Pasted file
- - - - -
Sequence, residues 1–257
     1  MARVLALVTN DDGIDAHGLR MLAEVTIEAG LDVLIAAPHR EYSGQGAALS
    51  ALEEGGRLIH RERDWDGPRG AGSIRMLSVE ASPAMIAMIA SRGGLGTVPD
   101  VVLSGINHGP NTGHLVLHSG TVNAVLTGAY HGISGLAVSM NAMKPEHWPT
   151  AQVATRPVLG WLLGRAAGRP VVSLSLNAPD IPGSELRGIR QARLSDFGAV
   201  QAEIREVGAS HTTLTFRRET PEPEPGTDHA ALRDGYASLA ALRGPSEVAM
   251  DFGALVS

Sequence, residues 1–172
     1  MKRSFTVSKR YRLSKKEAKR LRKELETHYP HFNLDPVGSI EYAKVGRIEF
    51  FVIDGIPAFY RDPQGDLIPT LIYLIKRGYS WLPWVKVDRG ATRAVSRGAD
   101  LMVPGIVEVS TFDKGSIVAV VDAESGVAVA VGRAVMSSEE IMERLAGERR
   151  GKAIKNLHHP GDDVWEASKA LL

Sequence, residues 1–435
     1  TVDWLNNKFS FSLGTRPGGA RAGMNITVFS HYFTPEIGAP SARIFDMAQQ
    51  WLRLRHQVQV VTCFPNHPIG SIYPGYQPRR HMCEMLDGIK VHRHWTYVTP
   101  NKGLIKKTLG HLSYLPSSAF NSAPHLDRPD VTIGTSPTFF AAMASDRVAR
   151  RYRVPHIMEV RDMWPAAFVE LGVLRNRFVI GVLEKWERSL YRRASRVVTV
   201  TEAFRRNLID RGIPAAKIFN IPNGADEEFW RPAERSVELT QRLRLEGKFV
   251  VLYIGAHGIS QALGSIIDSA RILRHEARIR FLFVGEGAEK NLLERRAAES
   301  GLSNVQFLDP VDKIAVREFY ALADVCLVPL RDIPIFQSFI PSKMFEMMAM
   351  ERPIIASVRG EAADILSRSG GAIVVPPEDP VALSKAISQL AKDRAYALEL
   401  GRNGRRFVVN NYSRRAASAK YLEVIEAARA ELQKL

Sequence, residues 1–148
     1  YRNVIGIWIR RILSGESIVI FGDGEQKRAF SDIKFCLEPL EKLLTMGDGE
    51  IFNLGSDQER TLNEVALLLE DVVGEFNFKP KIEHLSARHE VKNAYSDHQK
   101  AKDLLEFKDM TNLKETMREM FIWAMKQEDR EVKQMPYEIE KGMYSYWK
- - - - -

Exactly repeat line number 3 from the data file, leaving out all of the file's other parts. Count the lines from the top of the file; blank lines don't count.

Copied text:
    51  ALEEGGRLIH RERDWDGPRG AGSIRMLSVE ASPAMIAMIA SRGGLGTVPD